Must Be Nice

crispydoc Uncategorized 5 Comments

A few years ago, our daughter befriended a girl who spoke no English. The girl’s father, a Michelin-rated chef from Tuscany, had been recruited to run a high concept Italian restaurant in LA. For the record, at the restaurants I frequent, Michelin means tires, not food.

My daughter’s first language is Spanish, which was similar enough to Italian that the two became fast friends. Despite having similar levels of executive leadership potential (they can be bossy), the girls hit it off and we grew close with her parents, sharing occasional bottles of red wine over leisurely weekend afternoons while the kids played unsupervised.

Yes, over the course of our friendship we were invited to a meal at their apartment, and yes, it was amazing.

During one playdate at our home, my wife placed some leftovers in the microwave to zap up a quick snack. The girls happened to be nearby, and the young Italian child could not look away for the full minute that the microwave worked its magic.

As my wife opened the door to remove the dish from the microwave, the girl inquired, “What kind of computer is that?”

It slowly dawned on us that this girl, having been raised in the household of an Italian chef, had presumably never seen a microwave oven, and none of the adults in her life used one.

Comments 5

  1. We were in Italy a couple times in the past year and I don’t recall seeing a microwave. What I saw were some 1500 year old buildings still in use amazingly crafted. Some canals used for transport and commerce. What I saw were magnificent churches, houses of worship with worshippers and amazing histories of design. What I saw was amazing artizen and craftsmanship. If you bought a leather bag for example it was capable of sustaining a lifetime of utility. It was not just an accessory headed for the second hand store. So what kind of computer was that?

    1. Post
      Author

      DMF,

      Allow me to completely digress as your comments created an amusing random chain of thoughts that led me down this hole:

      Although we have yet to watch the films together as a family, I’ve inadvertently taught my son a few of the more memorable lines from the Austin Powers movies. When he encounters a new infant while meeting family friends, he’ll turn to me with a glint in his eye and ask the infant’s parent(s):

      I like your baby. Can I eat ‘im? Get in my belly!

      Come to think of it, those families have not invited us on subsequent family playdates…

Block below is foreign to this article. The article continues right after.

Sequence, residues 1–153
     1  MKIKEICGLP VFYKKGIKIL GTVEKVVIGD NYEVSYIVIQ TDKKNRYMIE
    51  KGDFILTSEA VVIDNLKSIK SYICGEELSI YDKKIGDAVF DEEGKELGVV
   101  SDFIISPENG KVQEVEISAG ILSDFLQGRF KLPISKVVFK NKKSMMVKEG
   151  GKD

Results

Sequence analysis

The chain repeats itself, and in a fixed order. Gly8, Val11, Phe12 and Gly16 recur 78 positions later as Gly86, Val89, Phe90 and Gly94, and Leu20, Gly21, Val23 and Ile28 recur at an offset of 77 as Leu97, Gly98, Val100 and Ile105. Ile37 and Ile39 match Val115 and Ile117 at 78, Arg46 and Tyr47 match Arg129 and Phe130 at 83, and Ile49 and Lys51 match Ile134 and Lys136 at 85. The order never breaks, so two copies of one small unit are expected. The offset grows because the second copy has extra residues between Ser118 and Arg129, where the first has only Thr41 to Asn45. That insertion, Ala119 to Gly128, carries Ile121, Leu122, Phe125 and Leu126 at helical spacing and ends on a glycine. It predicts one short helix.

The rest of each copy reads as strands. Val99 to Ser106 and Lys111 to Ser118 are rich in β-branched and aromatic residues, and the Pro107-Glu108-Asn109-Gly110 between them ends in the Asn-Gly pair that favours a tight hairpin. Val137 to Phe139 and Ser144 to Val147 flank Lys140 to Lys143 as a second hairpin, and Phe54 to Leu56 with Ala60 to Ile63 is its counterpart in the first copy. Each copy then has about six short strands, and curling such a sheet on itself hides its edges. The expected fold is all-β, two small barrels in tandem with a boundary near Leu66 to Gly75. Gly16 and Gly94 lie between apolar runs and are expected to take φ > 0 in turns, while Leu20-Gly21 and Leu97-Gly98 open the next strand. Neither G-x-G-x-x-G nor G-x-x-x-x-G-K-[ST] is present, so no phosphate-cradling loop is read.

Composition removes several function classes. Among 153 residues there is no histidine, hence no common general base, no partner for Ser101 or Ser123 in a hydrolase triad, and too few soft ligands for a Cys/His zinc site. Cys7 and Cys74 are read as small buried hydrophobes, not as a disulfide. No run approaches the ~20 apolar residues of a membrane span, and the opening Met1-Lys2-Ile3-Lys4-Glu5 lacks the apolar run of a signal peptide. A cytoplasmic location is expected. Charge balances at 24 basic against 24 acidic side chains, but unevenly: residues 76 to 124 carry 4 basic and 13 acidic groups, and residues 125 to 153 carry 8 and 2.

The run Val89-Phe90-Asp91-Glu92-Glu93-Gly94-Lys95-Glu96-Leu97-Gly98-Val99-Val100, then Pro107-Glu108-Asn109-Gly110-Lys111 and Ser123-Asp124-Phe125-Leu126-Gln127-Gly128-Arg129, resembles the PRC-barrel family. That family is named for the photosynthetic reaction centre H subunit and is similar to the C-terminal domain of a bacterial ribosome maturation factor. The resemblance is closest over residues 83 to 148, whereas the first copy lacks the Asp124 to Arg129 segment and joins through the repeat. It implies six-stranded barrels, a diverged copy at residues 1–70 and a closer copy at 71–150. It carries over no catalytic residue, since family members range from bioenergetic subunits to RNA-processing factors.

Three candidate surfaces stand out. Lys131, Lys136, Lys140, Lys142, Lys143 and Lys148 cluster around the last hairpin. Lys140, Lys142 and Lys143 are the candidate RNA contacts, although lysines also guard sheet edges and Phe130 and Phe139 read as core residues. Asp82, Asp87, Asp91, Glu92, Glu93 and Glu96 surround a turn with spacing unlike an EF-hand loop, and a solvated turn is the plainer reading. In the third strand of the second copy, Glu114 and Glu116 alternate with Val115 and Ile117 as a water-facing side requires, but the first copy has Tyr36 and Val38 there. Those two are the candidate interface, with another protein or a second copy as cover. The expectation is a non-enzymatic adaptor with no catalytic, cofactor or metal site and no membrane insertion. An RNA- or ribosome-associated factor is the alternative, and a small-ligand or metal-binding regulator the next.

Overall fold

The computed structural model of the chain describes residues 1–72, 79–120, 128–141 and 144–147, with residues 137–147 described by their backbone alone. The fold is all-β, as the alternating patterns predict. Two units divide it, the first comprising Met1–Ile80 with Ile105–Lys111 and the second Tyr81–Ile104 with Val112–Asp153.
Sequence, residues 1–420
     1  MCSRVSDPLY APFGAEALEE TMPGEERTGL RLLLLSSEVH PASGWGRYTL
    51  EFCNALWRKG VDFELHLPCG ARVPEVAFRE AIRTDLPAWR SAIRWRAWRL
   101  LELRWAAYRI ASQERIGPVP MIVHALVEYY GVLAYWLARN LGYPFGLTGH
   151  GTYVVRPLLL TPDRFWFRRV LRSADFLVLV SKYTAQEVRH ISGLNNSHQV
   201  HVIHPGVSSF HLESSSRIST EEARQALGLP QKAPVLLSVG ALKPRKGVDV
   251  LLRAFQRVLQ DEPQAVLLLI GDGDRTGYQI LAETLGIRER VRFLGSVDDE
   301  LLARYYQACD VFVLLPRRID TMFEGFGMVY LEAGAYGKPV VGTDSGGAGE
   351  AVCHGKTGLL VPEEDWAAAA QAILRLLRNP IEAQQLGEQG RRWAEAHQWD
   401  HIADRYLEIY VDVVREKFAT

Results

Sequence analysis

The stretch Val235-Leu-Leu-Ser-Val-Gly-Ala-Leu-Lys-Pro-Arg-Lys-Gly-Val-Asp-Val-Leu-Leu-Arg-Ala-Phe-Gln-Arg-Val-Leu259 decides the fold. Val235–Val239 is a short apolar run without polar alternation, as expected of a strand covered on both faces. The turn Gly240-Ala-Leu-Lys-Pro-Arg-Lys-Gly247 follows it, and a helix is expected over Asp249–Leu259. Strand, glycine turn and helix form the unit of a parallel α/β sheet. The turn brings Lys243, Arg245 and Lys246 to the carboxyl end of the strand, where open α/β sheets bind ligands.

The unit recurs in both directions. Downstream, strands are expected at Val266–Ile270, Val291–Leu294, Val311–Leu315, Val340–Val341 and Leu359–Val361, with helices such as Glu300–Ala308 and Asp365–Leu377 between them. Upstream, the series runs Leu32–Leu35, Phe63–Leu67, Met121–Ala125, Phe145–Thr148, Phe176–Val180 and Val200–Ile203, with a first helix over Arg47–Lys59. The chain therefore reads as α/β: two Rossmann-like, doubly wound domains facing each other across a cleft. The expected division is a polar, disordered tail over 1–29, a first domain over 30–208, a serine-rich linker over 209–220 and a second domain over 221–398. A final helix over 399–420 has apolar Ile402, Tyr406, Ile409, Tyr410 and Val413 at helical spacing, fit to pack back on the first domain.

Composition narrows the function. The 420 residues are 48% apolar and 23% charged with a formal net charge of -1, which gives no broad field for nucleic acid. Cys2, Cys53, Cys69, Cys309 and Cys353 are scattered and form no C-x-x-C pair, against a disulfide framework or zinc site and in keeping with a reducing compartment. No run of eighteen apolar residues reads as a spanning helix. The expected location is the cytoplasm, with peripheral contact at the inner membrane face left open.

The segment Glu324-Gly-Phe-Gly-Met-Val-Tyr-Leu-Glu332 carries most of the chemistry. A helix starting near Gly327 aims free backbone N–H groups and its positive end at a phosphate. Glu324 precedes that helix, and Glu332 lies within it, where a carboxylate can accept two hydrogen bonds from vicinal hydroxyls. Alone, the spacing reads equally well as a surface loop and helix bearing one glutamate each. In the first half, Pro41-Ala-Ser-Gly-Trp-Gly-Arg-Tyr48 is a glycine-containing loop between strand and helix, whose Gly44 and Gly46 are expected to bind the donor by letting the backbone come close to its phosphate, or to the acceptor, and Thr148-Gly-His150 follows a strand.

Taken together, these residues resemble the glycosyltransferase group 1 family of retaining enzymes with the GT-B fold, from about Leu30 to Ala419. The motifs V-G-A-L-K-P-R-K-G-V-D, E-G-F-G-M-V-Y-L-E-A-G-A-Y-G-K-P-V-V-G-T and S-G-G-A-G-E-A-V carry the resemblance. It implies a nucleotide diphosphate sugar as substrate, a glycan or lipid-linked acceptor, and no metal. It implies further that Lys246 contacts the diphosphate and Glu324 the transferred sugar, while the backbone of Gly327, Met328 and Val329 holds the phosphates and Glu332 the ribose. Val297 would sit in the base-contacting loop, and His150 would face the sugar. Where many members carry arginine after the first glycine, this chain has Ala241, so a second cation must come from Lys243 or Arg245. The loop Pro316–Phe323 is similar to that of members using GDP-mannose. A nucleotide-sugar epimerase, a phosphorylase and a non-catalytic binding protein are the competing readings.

2. Really? I thought microwaves would be common in Italy. We use our microwave every day for warming up drinks and leftovers. It’s so much more convenient than turning on a stove.
    Here is a data point – microwave is common in Thailand now.

    1. Post
      Author

      Joe,

      My sample size is admittedly miniscule, and could be totally inaccurate. My apologies if I am misrepresenting reality.

      The bigger shock to my system was the idea that an elementary school age child could live a life where a microwave is a novelty.
      Video games are ubiquitous, and my kids know all the latest fads by name even though we don’t play them in our home. So this kid must not have seen a microwave either in her home or in her grandparents’ homes back in Italy – multigenerational obliviousness!

      At the risk of appearing sanctimonious, my wife and I embraced the idea of becoming selective Luddites – of trying to reject a convenience/technology in favor of an additional skill, or of avoiding a lower priority entertainment (video games) in order to favor our preferred entertainment (reading). This experiment is still ongoing, and while I can tell you we are pleased that our kids are voracious readers, it’s unclear whether the inability to talk Fortnite with their friends will adversely affect them down the road.

      Just trying to screw up my kids in the best way I know how.

      Appreciate your visit to these netherparts,

      CD

Leave a Reply

Your email address will not be published. Required fields are marked *

This site uses Akismet to reduce spam. Learn how your comment data is processed.